The Sunset’s only tiki option has a bit of an Epcot Center vibe—maybe it’s the oversized televisions above the bar. Other than that, the decor is great: fake torches, plenty of bamboo and towering tiki masks. The drinks go down well, the staff are unfailingly friendly and the bar has a distinct neighborhood vibe. It’s the kind of place that proudly serves Jageritas (basically a margarita made with Jägermeister), though we’ll stick with the Wiki Wiki Woo: citrus vodka, orange juice, amaretto, pineapple juice, cranberry juice and 151, with a name that's just fun to say. There’s a jukebox, dice and cards, and the drinks are quite cheap despite their strength. It’s hard to imagine having a bad night here.
The Kona Club is an archetypal next generation tiki lounge. The self-described rock n’ roll tiki bar in Oakland serves up carefully constructed, reimagined tiki classics in sumptuous tropical surrounds to a punk rock soundtrack. There are puffer fish lanterns, bamboo walls and an oversized topless islander statue. TVs play Magnum PI on loop and the jukebox offers something for everyone. The one-note Mai Tai is an unfortunate misstep, but all is redeemed by the Nut Chi Chi, an excellent blended drink made with macadamia nuts. Scorpion bowls are also top-notch, but quite strong—so watch out.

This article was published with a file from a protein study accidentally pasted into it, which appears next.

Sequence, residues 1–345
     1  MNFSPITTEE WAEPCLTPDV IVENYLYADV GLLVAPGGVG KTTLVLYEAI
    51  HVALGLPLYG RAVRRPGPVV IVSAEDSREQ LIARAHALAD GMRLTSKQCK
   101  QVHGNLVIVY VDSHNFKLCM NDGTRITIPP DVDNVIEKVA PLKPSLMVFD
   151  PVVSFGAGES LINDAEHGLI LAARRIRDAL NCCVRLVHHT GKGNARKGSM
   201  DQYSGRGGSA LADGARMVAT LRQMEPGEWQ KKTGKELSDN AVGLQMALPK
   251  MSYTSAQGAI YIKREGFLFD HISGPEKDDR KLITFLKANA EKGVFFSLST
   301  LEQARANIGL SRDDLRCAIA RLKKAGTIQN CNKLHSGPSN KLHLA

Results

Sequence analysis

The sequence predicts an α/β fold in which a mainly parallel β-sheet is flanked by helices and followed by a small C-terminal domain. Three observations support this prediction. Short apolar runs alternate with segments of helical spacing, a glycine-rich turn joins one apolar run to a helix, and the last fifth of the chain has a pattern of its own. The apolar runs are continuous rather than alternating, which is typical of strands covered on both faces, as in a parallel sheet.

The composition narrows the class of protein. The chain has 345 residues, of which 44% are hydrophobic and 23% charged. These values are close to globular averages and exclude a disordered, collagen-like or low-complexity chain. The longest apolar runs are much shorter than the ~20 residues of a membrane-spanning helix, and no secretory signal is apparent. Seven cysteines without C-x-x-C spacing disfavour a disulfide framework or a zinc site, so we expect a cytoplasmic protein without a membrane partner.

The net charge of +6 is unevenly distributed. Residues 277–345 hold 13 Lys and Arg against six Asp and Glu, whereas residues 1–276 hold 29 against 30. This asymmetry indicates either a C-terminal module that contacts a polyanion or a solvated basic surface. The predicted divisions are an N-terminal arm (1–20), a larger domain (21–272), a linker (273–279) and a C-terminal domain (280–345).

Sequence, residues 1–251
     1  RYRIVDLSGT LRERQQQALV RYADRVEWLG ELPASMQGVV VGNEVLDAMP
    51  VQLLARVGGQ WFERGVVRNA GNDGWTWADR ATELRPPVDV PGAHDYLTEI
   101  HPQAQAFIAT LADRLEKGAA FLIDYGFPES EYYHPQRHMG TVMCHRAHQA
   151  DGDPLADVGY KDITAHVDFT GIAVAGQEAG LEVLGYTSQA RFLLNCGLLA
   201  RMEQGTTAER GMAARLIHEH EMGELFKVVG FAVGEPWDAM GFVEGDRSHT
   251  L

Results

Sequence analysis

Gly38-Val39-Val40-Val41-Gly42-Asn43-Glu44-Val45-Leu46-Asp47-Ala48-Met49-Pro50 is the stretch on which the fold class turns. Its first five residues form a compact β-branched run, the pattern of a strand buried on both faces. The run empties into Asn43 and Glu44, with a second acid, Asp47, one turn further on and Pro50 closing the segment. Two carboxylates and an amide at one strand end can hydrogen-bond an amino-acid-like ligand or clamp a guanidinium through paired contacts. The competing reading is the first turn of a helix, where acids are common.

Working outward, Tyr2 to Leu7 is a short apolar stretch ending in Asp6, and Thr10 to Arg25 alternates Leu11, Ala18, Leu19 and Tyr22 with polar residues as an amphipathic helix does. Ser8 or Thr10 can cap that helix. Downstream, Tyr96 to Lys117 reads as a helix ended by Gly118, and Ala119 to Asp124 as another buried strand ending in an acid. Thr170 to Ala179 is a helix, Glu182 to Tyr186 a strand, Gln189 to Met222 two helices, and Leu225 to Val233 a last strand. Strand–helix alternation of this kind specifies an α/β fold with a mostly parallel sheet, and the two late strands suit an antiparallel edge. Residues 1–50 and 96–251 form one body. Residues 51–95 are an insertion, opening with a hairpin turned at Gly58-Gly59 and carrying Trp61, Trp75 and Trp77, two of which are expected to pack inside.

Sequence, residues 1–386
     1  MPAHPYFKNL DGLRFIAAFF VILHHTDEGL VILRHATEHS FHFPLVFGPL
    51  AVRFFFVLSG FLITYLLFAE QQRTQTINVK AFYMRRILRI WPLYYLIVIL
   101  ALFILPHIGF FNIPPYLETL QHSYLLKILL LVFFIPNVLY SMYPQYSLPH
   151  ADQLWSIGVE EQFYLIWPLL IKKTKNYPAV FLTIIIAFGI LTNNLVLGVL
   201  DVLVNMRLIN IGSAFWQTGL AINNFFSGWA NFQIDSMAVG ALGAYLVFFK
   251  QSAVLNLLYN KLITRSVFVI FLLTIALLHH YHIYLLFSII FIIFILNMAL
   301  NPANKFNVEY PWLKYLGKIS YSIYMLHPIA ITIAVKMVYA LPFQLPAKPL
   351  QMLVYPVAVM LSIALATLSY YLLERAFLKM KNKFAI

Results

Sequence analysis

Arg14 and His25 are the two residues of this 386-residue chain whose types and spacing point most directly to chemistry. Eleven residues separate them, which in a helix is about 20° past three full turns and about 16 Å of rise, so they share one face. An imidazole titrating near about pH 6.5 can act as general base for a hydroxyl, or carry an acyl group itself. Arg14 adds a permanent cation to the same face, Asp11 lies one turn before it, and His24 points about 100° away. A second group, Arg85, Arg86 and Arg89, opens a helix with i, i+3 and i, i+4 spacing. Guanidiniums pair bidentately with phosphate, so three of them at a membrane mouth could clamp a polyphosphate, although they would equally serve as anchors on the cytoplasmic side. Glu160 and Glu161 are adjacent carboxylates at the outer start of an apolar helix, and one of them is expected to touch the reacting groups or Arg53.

Hawaii West is one of those places that gets so much wrong—and yet, somehow, ends up so right. The decor is haphazard, the drinks aren't very good and there's even a pool table (tiki drinkers don't play pool). Still, with its shabby, anything goes attitude, boisterous local clientele and seriously too-strong drinks, Hawaii West will warm you up like the tropical sun. As one of the last bars standing up against the onslaught of the "new San Francisco"—where fussy cocktails and $150 spirit flights abound—Hawaii West is just what we look for in a bar, tiki or not: a home away from home, a therapist's office and, most importantly, a dark little hole to get drunk in.